The schedule starts early at Kuya Lord, the new Filipino restaurant-turned-restaurant on Melrose. The doors are now open five days a week, but before the lock turns, there are Melrose Hill fans and neighbors lining up on the sidewalk, peeking in to watch Maynard Llera and his crew. They came, most of them at least, to sample Llera’s lechon kawali, crispy pork served over noodles, or as a standalone side.
The wait — both for Llera’s first standalone restaurant project, after years of working for others in Los Angeles, and for the customers he now serves — seems to be worth it. Kuya Lord is already making a splash as the neighborhood’s new hot spot for lunch or take home for dinner. The small space is buzzing with activity most of the day, with customers seated at repurposed communal wooden tables or under hanging boxes stuffed with Kuya Lord-branded products and sauces. The entirety of the kitchen is in plain view from the center of the room, with Llera (signature bandana installed atop her head) taking orders and advising a young staff on cuts, finishes, and the details of her Filipino menu.
Fans who have returned in the last week, first as part of an invite-only preview weekend and now for the restaurant’s soft opening period, have known Llera from the time he ran Kuya Lord as a pop-up. The name was gaining traction in 2019 with one-off cooks at places like Tabula Rasa in East Hollywood, but the pandemic has taken the underground restaurant to new heights — and Llera’s La Cañada Flintridge garage. There, Llera and his wife and partner Gigi packed chunky take-out parties on thin metal trays lined with banana leaves, a nod to the traditional Filipino kamayan parties found throughout the Southeast Asian country where Llera was born and lived until 2004 in the province. from Quezon. O Los Angeles Times ended up calling, offering a hearty review of Lord Kuya’s feast, as well as asian newspaper, positively Filipinoand others.
It should come as no surprise that such personal, heartfelt, technically competent meals were possible under Llera’s supervision. The chef spent years working in Los Angeles at restaurants like Bestia, and before starting Kuya Lord full-time he was the corporate chef for the entire H.Wood Group. The attention and funding of her pop-ups allowed Llera to rent this new space next to the popular Ggiata diner, and allowed her fans to find Kuya Lord’s cuisine five days a week, without having to book a time in advance.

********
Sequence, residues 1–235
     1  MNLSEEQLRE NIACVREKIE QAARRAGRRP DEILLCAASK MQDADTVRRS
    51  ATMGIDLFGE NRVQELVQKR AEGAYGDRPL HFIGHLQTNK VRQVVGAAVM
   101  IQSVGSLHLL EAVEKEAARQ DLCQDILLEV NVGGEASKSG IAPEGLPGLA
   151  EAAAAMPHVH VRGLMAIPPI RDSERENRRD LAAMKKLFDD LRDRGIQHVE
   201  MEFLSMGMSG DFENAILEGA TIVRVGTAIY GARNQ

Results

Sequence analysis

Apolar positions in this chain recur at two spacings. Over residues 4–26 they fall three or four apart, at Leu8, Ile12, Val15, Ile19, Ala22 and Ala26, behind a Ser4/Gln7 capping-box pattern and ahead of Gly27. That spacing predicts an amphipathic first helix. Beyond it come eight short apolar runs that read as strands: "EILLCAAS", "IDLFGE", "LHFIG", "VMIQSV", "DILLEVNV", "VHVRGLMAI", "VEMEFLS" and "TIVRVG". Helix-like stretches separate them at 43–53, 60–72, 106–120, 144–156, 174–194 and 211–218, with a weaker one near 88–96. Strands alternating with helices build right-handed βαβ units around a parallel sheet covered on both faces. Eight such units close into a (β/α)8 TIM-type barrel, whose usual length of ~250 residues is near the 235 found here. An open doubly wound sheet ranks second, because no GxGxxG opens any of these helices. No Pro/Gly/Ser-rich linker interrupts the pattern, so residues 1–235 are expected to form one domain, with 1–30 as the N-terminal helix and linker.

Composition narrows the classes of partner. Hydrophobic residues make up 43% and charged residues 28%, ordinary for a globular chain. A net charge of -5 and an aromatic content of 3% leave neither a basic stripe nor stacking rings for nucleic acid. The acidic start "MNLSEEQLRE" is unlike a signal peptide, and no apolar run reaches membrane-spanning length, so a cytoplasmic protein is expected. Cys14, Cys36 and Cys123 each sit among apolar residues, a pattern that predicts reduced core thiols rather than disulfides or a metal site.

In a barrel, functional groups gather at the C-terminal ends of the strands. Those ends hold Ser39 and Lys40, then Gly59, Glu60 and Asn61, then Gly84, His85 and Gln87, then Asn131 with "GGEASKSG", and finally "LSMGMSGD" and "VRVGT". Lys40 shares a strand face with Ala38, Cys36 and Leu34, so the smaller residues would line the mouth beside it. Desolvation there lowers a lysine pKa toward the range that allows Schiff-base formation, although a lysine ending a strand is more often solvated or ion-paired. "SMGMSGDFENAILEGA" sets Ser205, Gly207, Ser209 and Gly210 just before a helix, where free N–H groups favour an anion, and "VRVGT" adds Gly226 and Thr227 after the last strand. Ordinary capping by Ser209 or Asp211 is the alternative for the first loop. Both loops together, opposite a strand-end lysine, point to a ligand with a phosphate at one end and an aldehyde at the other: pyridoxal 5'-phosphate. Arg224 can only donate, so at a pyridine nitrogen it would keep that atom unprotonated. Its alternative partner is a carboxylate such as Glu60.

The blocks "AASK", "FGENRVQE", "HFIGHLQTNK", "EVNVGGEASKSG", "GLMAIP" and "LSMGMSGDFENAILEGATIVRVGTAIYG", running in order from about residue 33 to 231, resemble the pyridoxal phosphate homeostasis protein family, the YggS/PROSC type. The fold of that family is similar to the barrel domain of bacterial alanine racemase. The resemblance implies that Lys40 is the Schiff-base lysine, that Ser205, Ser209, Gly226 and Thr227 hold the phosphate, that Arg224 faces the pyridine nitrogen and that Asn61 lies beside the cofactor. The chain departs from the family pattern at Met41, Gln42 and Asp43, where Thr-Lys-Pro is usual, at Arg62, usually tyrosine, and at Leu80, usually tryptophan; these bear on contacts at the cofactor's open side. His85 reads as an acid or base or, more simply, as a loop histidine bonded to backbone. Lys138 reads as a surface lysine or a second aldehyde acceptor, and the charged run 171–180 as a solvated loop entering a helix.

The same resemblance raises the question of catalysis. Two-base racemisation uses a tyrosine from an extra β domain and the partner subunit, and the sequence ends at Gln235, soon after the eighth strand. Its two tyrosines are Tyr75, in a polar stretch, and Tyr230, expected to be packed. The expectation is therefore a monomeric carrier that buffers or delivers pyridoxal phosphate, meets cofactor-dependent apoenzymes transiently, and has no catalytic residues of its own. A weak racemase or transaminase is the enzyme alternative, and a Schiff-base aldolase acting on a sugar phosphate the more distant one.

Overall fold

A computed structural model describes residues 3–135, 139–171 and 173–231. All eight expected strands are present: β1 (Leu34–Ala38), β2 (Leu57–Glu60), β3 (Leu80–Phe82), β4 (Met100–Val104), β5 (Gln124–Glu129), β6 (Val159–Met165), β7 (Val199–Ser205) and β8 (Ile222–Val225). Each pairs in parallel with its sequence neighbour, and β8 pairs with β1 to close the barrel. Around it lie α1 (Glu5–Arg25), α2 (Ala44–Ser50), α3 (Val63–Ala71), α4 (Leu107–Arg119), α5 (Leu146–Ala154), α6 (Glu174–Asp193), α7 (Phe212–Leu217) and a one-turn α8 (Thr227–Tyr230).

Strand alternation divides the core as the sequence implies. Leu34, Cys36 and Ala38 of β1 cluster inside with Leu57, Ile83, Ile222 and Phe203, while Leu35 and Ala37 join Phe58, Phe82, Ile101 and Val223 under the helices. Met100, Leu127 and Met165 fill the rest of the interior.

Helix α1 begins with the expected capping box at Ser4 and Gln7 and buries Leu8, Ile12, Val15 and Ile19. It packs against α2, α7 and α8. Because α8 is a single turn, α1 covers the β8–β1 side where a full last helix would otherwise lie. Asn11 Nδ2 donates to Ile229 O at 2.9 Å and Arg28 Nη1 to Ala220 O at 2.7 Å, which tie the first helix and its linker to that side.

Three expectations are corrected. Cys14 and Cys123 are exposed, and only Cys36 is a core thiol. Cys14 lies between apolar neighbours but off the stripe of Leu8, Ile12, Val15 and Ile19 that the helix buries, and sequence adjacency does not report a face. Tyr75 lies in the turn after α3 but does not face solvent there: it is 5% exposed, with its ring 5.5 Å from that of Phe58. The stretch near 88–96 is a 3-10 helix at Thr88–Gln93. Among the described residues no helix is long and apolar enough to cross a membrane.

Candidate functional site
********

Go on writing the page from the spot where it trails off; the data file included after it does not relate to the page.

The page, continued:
Now the restaurant is here, offering lunch until dinner from 11:30am until sold out. The menu is still being tweaked and expanded, but so far has mostly relied on bowls of noodles and rice set with this lechon, as well as chicken, grilled tofu, and whatever else the kitchen is preparing. Kamayan feasts aren’t entirely back (although Llera knows their color, substance, and size are what propelled him here), but a scaled-down version is available for two from the inner wall’s drop-down menu. The specials rotate, things are going in and out, but that’s the nature of an ongoing restaurant like Kuya Lord. Over time, the details will stabilize, leaving room to grow into things like a beer and wine license, weekend parties, and large buffet trays once again.
For now, expect the lechon and these noodles (and Llera’s desserts like a Filipino calamansi pie) to have customers lining up early at 5003 Melrose Avenue. They are a draw to themselves and made possible because of the pandemic and the tireless vision of one Filipino family to create something for themselves and their community.
To the Lord It’s open Wednesday through Sunday at 5003 Melrose Avenue, holding hours from 11:30 am until it sells out daily (usually around 8 pm).